The Fund supports several networks of state health policymakers to help identify, inspire, and inform policy leaders.
The Fund identifies and shares policy ideas and analysis on topics important to state health policymakers, particularly on issues related to state leadership, primary care, aging, and total costs of care.
Keep up with news and updates from the Milbank Memorial Fund. And read the latest blogs from our thought leaders, including Fund President Christopher F. Koller.
The Fund publishes The Milbank Quarterly, as well as reports, issues briefs, and case studies on topics important to health policy leaders.
The Milbank Memorial Fund is an endowed operating foundation that publishes The Milbank Quarterly, commissions projects, and convenes state health policy decision makers on issues they identify as important to population health.
March 2009 (Volume 87)
Colleen L. Barry
Victoria L. Brescoll
Kelly D. Brownell
Milbank Memorial Fund
Back to The Milbank Quarterly
Context: Relatively little is known about the factors shaping public attitudes toward obesity as a policy concern. This study examines whether individuals’ beliefs about the causes of obesity affect their support for policies aimed at stemming obesity rates. This article identifies a unique role of metaphor-based beliefs, as distinct from conventional political attitudes, in explaining support for obesity policies. Methods: This article used the Yale Rudd Center Public Opinion on Obesity Survey, a nationally representative web sample surveyed from the Knowledge Networks panel in 2006/07 (N = 1,009). The study examines how respondents’ demographic and health characteristics, political attitudes, and agreement with seven obesity metaphors affect support for sixteen policies to reduce obesity rates. Findings: Including obesity metaphors in regression models helps explain public support for policies to curb obesity beyond levels attributable solely to demographic, health, and political characteristics. The metaphors that people use to understand rising obesity rates are strong predictors of support for public policy, and their influence varies across different types of policy interventions. Conclusions: Over the last five years, the United States has begun to grapple with the implications of dramatically escalating rates of obesity. Individuals use metaphors to better understand increasing rates of obesity, and obesity metaphors are independent and powerful predictors of support for public policies to curb obesity. Metaphorical reasoning also offers a potential framework for using strategic issue framing to shift support for obesity policies.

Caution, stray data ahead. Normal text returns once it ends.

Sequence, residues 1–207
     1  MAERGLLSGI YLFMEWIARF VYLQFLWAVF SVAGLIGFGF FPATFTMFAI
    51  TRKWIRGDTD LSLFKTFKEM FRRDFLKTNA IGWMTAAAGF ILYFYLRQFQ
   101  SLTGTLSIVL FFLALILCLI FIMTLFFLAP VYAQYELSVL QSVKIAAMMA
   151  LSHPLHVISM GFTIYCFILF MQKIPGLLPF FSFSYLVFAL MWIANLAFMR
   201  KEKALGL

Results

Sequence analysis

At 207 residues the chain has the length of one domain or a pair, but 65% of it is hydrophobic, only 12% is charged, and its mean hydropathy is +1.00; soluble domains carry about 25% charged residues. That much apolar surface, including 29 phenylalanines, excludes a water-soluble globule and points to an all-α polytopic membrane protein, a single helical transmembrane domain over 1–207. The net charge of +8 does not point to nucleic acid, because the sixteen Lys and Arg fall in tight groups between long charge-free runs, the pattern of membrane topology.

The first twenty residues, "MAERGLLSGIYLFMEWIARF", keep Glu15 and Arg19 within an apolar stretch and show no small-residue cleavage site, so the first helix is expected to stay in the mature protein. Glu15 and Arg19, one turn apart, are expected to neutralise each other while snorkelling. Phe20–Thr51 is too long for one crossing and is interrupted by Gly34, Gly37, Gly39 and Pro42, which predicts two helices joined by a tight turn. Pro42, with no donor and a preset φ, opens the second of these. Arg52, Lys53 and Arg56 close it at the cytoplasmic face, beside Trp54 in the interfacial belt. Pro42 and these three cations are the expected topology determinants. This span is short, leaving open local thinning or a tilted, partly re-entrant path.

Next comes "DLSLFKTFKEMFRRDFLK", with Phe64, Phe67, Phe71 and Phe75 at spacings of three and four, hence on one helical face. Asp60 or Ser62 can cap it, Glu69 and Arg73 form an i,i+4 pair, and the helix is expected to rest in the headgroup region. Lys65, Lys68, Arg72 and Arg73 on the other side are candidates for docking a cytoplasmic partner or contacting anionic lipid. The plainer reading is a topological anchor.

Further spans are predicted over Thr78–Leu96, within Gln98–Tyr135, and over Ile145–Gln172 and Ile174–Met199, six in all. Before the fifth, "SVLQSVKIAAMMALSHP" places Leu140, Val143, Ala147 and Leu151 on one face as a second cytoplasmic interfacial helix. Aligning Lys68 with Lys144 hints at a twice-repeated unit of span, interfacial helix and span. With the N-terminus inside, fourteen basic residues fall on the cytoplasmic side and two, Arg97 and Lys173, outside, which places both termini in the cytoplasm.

Author(s): Colleen L. Barry; Victoria L. Brescoll; Kelly D. Brownell; Mark Schlesinger
Keywords: obesity; metaphor; public opinion
Read on Wiley Online Library
Read on JSTOR
Volume 87, Issue 1 (pages 7–47) DOI: 10.1111/j.1468-0009.2009.00546.x Published in 2009
Get the Latest from the Milbank Memorial Fund
The Milbank Quarterly’s multidisciplinary approach and commitment to applying the best empirical research to practical policymaking offers in-depth assessments of the social, economic, historical, legal, and ethical dimensions of health and health care policy.